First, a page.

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Y these I mean the Miniftration of the Word and Sacraments in the pub

lick Worship of God thro' the Mediator. Wherein, especially, the Miniftry are ordain'd under him as HELPERS of the Faith, Co-workers with God, and of all the Virtues flowing from it; and to continue publick INSTRUMENTS of the Salvation of Souls, as faithful Stewards of the Mysteries of Godliness; if not Ambassadors, as the Author of Character. Vol. III. pag. 336, derides, at least, Curates under the great Shepherd, the People's Servants for the Shepherd's fake; or, in a few Words, the appointed furviving Befeechers of Men, in Christ's ftead, to be reconciled to God, to the End of the World.

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As we are fociable Creatures, and the Intention of Society is mutual Affistance in common Good; Society in the Worship of God, the greatest common Good, is pointed out by Nature, as the fupreme Defire and Concern; and therefore pofitively commanded and directed of God as his rightful Tribute and our own greatest Benefit. For as Society has a great and natural Influence upon all our Actions, and

and Paffions*, fo has it likewife in our reli- CHA P. gious Worship. And as Happiness is the End XVII. of Society, jointly and feverally; and Religion the fupreme Means of that Happiness; enjoining Obedience to the Civil Laws upon a good Confcience towards Men, and supplying the unavoidable Defects of thofe Laws from ever varying Circumftances, from the never changing good Confcience towards God; which infufes inward Honefty, and fecret Integrity and Goodness in performing all the relative Duties: It becomes the Duty of every Member of the Society to recognize that Religion, publickly, and frequently, as Opportunity ferves; as ever he pretends to be a fincere Promoter of the publick Happiness, or his own.

THE forfaking the assembling ourselves together, as the Manner of fome is, is therefore juftly af fign'd as the Beginning, and continuing Caufe of Apoftafy from the Faith, and Practice of Christianity, and their own Happiness: And of that wilful, moft provoking, complicated Sin, of falling off from the Truth after they have received the Knowledge of it; treading under Foot the Son of God, counting his fanctifying faving Blood of the New Covenant an unholy, defpicable Thing; and doing defpite to the Spirit of Grace. And that

* Lord Bacon obferves," it is one of the greatest Secrets "of Nature, that Mens Paffions are capable of being rais'd to "higher Degrees in Company, than in Solitude; and that we "fooner grieve, fear, rejoice, love, admire, when we "behold many others fo moved, than when we are alone." And confequently they who would have the best Subjects, and be fecure from the ill Effects of their irregular Paffions, should take due care that the best Objects of Love and all the other Paffions be publickly adminiftred, and regularly impressed upon the Affemblies of their People.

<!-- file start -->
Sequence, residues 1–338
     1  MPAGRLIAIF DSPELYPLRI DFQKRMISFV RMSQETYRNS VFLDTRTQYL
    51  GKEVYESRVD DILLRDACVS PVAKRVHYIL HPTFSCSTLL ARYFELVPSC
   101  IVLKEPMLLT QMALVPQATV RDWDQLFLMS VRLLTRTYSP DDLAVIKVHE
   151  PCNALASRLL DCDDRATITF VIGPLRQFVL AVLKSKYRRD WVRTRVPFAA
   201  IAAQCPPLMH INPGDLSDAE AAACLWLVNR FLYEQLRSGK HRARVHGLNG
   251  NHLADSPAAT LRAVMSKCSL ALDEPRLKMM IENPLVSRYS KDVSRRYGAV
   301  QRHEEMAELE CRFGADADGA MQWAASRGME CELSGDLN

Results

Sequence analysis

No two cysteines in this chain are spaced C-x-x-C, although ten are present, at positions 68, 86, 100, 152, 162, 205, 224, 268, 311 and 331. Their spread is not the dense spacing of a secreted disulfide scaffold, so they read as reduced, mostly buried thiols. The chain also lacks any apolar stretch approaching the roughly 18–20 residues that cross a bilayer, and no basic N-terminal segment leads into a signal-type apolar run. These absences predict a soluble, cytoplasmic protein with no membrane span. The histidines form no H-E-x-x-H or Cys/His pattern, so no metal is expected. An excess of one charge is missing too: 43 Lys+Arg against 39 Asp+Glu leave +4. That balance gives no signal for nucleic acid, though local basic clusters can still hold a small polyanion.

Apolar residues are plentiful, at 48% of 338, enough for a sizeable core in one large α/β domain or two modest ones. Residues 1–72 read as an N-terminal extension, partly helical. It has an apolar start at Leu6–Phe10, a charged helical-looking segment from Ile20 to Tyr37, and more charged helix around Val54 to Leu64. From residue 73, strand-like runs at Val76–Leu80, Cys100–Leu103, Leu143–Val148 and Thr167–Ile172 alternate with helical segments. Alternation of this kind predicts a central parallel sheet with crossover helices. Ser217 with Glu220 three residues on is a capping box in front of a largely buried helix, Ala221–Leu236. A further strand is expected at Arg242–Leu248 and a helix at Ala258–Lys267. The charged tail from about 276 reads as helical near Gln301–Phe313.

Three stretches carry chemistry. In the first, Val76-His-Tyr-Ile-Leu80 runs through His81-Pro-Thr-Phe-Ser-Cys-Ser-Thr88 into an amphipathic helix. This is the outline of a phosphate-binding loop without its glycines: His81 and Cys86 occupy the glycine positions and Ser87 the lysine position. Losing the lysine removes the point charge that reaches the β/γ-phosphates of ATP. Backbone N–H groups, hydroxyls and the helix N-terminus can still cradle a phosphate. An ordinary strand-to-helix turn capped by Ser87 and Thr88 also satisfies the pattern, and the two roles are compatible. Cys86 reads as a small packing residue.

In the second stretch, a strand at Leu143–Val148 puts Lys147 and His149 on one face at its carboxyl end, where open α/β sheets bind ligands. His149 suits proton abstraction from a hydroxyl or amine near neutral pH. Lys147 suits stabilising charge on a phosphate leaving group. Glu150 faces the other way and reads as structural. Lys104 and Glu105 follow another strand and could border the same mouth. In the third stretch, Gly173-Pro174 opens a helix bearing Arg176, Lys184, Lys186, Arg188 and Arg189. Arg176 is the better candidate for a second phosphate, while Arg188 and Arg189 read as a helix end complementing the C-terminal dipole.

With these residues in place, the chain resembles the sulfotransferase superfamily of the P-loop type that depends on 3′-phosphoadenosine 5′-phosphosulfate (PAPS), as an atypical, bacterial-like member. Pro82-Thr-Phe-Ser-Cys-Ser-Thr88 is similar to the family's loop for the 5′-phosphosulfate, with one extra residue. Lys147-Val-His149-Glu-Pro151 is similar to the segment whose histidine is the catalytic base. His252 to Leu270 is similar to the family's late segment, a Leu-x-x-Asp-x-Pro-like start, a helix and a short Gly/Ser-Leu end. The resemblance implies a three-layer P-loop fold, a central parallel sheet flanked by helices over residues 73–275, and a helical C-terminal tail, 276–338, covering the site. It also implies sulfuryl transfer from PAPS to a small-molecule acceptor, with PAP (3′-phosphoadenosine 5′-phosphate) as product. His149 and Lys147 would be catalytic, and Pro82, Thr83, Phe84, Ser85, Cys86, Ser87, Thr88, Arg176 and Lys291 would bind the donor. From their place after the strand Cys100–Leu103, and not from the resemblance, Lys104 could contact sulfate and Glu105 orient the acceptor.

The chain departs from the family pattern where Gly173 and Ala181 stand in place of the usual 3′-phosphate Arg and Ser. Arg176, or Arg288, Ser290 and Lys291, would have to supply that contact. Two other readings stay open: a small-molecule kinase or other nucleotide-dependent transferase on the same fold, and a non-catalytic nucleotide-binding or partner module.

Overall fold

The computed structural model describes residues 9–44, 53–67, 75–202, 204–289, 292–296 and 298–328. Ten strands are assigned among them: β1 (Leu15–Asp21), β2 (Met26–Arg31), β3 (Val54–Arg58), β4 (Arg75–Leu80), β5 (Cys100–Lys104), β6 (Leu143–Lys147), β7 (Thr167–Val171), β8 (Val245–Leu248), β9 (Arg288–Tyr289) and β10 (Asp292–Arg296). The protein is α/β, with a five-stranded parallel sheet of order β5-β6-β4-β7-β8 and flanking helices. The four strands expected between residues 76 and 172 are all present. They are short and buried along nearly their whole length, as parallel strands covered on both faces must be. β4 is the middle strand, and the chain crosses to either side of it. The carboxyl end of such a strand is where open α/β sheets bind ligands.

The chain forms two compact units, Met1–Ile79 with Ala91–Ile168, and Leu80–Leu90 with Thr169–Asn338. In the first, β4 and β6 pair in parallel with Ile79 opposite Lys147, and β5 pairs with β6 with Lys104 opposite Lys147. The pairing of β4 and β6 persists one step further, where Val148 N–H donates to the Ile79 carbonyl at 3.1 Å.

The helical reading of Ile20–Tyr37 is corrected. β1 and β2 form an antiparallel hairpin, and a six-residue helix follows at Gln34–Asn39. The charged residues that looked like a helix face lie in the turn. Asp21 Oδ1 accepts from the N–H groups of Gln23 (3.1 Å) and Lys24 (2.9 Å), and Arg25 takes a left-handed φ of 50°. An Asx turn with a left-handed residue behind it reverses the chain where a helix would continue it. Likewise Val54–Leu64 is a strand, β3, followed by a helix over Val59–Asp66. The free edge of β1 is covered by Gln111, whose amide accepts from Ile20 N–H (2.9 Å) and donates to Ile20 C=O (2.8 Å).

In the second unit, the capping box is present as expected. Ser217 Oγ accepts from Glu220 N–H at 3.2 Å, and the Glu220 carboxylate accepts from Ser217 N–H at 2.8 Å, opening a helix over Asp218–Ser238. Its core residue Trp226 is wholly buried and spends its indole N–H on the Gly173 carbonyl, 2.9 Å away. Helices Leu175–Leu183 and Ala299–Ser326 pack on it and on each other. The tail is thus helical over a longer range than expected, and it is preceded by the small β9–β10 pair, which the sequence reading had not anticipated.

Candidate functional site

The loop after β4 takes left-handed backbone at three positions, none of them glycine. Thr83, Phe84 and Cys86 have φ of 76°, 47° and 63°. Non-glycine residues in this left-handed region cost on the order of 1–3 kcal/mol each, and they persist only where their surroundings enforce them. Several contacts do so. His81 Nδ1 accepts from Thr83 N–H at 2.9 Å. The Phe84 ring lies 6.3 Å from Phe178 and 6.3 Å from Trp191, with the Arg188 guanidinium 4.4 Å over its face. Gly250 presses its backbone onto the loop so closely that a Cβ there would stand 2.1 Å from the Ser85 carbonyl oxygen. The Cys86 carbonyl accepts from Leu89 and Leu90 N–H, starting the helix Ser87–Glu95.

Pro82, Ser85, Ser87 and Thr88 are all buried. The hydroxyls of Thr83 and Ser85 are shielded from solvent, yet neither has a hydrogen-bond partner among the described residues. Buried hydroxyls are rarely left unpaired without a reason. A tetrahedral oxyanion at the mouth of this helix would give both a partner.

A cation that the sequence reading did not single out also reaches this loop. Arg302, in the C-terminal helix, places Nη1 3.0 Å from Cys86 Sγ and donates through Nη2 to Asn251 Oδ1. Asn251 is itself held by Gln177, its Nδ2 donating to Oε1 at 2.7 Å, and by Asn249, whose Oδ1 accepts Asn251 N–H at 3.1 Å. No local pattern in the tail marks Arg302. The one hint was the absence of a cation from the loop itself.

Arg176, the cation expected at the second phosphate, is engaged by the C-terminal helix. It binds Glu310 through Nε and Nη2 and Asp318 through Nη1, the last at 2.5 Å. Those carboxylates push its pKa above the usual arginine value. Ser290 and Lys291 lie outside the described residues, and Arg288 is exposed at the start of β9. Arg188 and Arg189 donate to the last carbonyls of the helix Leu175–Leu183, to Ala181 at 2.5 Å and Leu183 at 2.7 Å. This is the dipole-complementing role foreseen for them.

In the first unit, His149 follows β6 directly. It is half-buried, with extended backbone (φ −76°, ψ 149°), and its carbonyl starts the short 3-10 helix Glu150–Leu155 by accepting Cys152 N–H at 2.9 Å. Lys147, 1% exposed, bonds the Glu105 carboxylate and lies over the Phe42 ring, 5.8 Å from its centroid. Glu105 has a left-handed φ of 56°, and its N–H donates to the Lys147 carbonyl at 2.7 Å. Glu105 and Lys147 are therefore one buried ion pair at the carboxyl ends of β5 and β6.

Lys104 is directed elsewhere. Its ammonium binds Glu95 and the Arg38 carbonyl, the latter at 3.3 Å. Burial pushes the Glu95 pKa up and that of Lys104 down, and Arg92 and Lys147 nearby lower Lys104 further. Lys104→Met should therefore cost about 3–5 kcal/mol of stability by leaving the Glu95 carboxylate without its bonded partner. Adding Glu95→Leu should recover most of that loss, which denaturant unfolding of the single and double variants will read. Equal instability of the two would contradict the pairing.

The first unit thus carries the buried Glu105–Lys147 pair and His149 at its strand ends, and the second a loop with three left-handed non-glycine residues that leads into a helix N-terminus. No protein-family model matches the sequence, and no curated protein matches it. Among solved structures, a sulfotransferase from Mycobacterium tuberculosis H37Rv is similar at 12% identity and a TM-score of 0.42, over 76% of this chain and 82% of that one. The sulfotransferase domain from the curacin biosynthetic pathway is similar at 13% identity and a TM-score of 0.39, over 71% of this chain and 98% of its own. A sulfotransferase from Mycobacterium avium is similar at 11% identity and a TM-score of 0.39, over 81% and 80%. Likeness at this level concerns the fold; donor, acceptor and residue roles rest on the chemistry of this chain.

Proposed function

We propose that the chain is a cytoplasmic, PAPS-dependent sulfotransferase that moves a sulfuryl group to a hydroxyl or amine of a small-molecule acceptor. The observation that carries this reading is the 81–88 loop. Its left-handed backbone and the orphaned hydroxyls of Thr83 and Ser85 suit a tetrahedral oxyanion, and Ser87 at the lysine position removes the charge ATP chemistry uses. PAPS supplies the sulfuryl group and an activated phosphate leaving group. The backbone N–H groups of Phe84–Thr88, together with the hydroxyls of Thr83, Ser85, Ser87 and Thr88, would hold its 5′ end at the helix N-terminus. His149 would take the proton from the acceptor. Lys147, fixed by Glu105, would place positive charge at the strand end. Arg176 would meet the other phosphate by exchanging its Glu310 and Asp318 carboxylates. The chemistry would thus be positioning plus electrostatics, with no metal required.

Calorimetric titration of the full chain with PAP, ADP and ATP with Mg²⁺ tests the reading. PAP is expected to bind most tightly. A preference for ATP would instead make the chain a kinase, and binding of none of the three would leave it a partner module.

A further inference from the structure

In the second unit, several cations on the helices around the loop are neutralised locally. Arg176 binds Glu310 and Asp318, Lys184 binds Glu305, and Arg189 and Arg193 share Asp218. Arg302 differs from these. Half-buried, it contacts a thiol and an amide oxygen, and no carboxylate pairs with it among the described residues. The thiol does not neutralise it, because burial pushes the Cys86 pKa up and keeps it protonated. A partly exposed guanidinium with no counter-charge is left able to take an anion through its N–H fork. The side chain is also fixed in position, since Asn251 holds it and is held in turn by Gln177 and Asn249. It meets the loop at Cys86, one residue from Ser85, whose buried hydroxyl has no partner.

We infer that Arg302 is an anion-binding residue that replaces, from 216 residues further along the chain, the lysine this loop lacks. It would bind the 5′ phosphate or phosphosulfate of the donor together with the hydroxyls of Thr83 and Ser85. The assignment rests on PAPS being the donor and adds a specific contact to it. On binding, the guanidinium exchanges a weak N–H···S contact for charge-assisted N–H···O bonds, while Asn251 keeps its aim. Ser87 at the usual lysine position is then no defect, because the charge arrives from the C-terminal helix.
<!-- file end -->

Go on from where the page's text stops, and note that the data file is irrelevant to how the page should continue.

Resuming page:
CHAP. is no lefs in the Event, than wilfully delivering XVII. themselves up to an Incapacity of receiving any Benefit from the Sacrifice for Sin, offer'd up by the Mediator; and running themselves into the forest Punishment and fiery Indignation which shall devour the Adverfaries of Chrift, Heb. x. 25, &c. As to the Neglect and Contempt of thefe Things, the Day, Place, the Affair tranfacting, the Perfons officiating.

CAN any thing be more reasonable than for every one of us in our own Perfons (for there is no fuch thing as Proxy in the Worship of God) to affemble together, and provoke one another to that eternal good Work of paying Homage, in common, to the good and great Benefactor of our common Mercies and Bleffings, and to take the Provocation fo from one another, as to imitate with a godly Zeal? We are fo framed by Nature, and so affianced by Likeness and Love of Society, as to be very influenceable to act as we see others, especially Numbers act; making that the very Argument for fo doing: To be fure, it is fo in refpect of Evil; and ought it not to be fo in the better Application of that Influence to that which is Good? How ready should the lukewarm Chriftian be to come into the Courts of the Lord, to warm his Devotion at the fervour of other People's; and, if there is but one Righteous in the Congregation, to gain to himself the Advantage of mixing his dubious, with the others availing Prayers? Befides, it contributes the most of any thing, to fatisfy the Publick, who cannot fee the Heart, that they,